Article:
Suppose you give an animal some very complex stimulus – more elaborate than simply “heat”, “pain”, “light”, and you observe some very complex response. AND suppose that complex response is very recognizably similar to the complex response a human would likely display, given the same complex stimulus.
What would you make of that? If you say the animal is having the same internal reactions that a human is, should we dismiss that as anthropomorphizing? If we deny the animal is having a human-like response, then we must suppose that this complex stimulas/response reaction must have evolved independently. How likely does that seem?
It may be that assuming human-like complex stimulus/response patterns may be the more parsimonious choice, especially if you keep seeing lots of examples of this.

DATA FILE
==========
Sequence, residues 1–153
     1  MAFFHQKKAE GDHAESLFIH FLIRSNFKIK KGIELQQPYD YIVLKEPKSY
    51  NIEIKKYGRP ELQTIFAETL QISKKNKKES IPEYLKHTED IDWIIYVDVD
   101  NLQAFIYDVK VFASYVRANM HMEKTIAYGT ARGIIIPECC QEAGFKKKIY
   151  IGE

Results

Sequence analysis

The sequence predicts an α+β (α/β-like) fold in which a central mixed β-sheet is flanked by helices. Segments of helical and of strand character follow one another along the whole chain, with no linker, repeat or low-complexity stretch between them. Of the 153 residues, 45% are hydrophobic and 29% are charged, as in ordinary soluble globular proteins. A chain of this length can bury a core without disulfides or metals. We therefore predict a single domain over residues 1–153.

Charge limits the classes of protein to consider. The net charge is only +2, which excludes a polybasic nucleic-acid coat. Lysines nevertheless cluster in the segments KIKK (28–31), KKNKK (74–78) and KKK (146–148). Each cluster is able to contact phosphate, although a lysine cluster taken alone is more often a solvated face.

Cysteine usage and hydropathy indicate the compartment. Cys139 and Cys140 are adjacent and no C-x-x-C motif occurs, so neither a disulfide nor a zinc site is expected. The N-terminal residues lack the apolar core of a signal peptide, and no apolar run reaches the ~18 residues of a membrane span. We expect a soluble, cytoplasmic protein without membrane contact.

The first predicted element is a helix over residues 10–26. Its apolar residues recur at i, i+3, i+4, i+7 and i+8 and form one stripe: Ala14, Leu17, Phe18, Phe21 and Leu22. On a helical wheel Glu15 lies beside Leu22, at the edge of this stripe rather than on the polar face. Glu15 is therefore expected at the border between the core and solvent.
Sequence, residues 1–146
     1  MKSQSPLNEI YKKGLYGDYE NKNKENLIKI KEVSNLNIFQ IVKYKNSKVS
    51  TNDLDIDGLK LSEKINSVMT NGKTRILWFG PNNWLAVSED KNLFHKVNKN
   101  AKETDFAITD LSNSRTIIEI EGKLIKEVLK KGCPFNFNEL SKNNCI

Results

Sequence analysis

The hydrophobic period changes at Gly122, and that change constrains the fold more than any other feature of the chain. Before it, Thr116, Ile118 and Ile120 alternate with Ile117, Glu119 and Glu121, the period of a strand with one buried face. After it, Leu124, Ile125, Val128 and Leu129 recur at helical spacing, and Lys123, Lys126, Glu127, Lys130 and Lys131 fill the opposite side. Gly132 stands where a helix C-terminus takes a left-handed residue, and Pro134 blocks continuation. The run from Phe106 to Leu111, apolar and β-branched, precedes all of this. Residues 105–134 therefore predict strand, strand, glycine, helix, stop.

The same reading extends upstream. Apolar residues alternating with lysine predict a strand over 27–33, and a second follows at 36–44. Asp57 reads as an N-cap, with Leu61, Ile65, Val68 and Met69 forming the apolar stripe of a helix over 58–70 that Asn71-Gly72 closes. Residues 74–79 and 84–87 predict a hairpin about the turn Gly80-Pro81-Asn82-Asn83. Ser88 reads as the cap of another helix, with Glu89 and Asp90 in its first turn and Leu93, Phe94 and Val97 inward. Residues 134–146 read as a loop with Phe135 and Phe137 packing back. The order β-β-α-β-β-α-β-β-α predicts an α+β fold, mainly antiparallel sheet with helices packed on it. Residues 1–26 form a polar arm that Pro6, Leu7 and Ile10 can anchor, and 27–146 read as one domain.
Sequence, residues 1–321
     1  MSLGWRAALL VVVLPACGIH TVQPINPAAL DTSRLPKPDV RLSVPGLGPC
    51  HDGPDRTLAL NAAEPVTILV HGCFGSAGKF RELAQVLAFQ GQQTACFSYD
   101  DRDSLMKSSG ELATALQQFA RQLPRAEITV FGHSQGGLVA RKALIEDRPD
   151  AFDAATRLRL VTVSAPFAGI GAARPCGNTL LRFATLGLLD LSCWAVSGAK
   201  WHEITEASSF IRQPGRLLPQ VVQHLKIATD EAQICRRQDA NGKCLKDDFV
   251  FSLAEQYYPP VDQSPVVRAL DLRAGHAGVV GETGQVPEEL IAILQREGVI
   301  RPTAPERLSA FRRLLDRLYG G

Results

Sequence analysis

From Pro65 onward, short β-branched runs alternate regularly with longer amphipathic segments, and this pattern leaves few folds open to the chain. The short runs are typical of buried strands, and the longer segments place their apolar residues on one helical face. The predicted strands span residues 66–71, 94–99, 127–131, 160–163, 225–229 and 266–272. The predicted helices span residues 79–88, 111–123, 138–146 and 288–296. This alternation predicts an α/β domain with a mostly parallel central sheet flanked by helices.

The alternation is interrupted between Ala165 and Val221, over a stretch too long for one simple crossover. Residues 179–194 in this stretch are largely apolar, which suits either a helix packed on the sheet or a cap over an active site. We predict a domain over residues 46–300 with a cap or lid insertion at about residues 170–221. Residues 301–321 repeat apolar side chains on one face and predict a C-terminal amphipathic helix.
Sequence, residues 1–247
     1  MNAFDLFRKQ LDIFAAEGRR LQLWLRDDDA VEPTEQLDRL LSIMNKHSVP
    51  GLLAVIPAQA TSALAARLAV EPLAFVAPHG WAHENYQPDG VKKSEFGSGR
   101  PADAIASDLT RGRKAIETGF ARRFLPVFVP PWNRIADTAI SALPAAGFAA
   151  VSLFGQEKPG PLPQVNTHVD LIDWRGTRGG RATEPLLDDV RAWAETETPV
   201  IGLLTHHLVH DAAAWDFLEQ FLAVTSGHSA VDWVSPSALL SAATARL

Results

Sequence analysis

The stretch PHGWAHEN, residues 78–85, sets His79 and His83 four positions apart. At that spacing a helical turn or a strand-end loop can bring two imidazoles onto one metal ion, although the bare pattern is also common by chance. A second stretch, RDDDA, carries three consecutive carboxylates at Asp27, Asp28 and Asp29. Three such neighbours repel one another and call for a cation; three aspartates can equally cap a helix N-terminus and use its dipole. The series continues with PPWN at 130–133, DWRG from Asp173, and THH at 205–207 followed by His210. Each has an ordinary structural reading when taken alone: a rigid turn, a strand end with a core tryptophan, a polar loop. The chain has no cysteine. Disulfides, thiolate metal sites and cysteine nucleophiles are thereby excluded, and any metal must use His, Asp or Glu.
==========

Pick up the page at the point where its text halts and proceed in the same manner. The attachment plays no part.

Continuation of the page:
This seems to be the case with dolphins. You’ve all read or heard all the cute stories about how intelligent and “human-like” they are. So what is the more plausible hypothesis: That they do, in fact, have human-like feelings and emotions and reactions, or that all those complex but “human-like” responses have evolved separately and independently?
True story: I was a part-time dolphin trainer for several years. One evening, one of the trainers, just for fun, showed one of the dolphins how to twirl a frisbee on its snout. That evening, after most everyone had left for the day, the dolphin spent the entire evening and night swimming around the tank, twirling a frisbee. By the next day, the other dolphin was doing the same. For a week or so, they spent all their free time twirling frisbees. They even got creative. The frisbees weren’t all the same size. So they put a smaller frisbee inside a larger frisbee and twirled them both.
What would you make of behavior like that?
(They also liked to put a frisbee over the drain, so the tank would overflow. Then they would swim at high velocity around the perimeter of the tank, creating large waves that sloshed all over the edges of the tank. I’m pretty sure they were doing that on purpose.)